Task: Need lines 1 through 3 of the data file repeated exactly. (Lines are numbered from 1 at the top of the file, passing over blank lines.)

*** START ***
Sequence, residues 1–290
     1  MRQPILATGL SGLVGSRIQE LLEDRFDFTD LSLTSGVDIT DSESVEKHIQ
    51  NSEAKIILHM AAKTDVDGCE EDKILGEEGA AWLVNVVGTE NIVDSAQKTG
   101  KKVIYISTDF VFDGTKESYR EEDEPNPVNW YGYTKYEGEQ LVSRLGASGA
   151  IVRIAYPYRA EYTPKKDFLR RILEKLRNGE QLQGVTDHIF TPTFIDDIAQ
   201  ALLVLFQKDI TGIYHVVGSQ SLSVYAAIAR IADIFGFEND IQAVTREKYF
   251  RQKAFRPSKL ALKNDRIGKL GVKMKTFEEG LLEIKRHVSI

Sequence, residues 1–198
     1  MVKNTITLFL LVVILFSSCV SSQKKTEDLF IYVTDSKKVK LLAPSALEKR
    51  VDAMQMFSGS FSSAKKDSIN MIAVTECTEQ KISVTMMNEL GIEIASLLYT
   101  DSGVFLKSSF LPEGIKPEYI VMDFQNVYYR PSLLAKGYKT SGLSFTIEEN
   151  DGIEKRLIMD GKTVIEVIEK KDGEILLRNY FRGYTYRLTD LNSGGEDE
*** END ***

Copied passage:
Sequence, residues 1–290
     1  MRQPILATGL SGLVGSRIQE LLEDRFDFTD LSLTSGVDIT DSESVEKHIQ
    51  NSEAKIILHM AAKTDVDGCE EDKILGEEGA AWLVNVVGTE NIVDSAQKTG